In the summer of 1854, William Tecumseh Sherman described Oakland as:
a low sandy piece of ground on the San Antonio Creek directly opposite this city with oak trees beautifully distributed. The climate is much milder than [San Francisco] as the winds do not blow so hard and the fog scatters before it crosses the bay. The titles to land are not well settled, yet quite a town has grown up there and two steam ferry boats cross with considerable regularity.
Half a century later, Jack London grew up along the city’s waterfront. From his novel Valley of the Moon (1913):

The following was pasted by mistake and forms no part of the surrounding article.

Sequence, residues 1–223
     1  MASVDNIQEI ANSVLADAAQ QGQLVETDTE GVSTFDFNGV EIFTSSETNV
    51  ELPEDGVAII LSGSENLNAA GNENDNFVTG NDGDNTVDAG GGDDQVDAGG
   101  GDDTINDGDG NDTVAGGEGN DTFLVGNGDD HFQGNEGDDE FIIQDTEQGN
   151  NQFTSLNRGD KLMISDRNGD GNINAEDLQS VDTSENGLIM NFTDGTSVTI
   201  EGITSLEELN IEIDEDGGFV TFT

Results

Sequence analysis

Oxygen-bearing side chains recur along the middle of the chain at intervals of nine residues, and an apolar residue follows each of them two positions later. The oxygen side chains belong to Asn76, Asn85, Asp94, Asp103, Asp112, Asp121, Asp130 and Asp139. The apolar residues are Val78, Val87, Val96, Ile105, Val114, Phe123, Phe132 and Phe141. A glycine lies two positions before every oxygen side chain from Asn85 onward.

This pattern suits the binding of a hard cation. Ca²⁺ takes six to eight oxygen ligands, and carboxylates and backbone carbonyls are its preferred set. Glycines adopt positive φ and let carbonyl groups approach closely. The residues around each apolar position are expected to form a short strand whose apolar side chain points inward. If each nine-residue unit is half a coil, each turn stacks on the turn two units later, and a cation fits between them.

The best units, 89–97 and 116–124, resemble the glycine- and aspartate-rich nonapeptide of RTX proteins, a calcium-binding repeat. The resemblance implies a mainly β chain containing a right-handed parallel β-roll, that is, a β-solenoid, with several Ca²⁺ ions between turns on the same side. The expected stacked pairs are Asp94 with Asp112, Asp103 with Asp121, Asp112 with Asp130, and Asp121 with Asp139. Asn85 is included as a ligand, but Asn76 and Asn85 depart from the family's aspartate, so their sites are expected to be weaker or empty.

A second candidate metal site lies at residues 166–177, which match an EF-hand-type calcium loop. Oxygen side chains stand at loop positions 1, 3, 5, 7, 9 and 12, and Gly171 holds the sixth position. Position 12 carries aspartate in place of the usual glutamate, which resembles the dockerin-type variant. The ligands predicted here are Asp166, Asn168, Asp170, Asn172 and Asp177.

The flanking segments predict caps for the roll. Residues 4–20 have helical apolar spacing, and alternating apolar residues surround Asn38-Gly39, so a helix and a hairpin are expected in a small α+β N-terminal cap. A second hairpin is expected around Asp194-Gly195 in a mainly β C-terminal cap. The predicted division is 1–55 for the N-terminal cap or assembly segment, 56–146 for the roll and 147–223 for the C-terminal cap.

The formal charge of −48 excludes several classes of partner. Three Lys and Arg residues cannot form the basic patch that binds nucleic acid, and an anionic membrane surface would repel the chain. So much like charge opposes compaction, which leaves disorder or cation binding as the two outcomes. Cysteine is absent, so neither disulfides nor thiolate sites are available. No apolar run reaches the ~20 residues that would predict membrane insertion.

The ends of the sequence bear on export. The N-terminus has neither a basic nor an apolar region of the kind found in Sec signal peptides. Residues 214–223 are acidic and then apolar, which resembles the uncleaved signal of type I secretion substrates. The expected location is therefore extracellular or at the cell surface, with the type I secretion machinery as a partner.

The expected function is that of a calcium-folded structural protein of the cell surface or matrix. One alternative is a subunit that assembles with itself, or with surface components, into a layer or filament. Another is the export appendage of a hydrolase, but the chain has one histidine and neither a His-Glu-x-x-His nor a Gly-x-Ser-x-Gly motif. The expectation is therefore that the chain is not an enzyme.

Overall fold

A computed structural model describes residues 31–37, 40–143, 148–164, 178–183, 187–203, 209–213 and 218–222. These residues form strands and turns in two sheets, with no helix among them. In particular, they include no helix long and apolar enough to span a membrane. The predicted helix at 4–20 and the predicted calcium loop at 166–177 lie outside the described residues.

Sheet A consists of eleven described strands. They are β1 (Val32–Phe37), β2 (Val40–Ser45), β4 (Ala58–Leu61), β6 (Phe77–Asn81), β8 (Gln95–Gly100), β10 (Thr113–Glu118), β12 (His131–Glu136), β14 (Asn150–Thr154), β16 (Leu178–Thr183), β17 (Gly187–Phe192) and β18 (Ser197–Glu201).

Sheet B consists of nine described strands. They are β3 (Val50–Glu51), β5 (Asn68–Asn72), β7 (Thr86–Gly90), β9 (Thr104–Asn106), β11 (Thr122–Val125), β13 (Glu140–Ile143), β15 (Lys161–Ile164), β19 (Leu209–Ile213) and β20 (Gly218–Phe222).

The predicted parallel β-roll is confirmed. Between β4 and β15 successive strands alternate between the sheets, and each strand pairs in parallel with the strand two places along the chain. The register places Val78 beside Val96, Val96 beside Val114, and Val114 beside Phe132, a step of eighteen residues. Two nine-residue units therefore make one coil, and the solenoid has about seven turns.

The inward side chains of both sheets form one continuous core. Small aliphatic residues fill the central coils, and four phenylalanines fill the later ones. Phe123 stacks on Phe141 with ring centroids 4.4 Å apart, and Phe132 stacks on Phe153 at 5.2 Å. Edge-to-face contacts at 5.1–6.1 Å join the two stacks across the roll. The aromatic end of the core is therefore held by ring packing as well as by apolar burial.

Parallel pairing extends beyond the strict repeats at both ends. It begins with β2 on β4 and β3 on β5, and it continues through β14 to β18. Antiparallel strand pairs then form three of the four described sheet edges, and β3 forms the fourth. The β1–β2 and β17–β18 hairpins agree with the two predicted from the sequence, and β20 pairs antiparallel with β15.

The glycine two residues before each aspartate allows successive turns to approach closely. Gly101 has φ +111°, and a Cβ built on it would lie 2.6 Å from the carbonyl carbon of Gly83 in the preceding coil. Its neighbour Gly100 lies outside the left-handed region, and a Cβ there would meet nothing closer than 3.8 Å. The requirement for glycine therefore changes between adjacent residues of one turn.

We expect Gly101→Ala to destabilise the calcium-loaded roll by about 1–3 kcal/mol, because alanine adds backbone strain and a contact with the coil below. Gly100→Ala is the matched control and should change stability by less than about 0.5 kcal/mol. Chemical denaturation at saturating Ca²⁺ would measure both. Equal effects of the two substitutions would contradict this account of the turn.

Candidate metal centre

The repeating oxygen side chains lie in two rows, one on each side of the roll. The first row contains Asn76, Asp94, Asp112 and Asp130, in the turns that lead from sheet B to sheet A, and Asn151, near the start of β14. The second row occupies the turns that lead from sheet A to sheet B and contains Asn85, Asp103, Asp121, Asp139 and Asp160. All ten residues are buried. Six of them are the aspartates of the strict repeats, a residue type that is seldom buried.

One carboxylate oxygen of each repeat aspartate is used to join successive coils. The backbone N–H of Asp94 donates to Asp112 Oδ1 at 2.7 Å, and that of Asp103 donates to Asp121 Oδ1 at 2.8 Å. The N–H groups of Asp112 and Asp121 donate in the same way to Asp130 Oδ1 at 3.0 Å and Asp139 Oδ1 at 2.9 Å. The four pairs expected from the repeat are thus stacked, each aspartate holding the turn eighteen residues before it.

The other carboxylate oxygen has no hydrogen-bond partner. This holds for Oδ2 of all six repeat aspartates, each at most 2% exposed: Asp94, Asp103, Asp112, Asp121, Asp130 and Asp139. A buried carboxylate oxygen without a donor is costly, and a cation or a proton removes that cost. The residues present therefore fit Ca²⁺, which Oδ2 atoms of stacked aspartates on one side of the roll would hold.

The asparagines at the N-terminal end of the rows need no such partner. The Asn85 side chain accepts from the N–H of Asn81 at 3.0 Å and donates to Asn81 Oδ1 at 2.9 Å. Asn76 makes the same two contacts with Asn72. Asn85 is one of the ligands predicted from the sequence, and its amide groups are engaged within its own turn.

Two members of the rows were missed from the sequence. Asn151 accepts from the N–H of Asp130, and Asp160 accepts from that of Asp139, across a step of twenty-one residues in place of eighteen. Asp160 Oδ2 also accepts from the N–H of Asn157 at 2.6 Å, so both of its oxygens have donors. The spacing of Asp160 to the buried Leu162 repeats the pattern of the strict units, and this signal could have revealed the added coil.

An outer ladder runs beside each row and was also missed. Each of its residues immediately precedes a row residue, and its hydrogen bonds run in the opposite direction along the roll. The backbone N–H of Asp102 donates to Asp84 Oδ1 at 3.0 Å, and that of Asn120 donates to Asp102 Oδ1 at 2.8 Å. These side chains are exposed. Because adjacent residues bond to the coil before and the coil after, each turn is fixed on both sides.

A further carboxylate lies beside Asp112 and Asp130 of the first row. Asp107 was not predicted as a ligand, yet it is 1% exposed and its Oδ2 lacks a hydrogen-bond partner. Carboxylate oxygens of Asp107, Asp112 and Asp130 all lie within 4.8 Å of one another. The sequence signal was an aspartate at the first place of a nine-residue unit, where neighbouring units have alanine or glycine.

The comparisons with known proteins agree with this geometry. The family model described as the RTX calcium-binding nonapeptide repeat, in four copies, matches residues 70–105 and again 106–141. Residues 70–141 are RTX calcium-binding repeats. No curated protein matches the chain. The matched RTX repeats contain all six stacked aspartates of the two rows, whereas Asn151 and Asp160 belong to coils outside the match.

‘No more Oakland. No more living in Oakland. I’ll die if I have to. It’s pull up stakes and get out.’
He digested this slowly.
‘Where?’ he asked finally.
‘Anywhere. Everywhere. Smoke a cigarette and think it over.’
He shook his head and studied her.
‘You mean that?’ he asked at length.
‘I do. I want to chuck Oakland just as hard as you wanted to chuck the beefsteak, the coffee, and the butter.’
She could see him brace himself. She could feel him brace his very body ere he answered.
‘All right then, if that’s what you want. We’ll quit Oakland. We’ll quit it cold. God damn it, anyway, it never done nothin’ for me, an’ I guess I’m husky enough to scratch for us both anywheres. An’ now that’s settled, just tell me what you got it in for Oakland for.’
And she told him all she had thought out, marshaled all the facts in her indictment of Oakland, omitting nothing.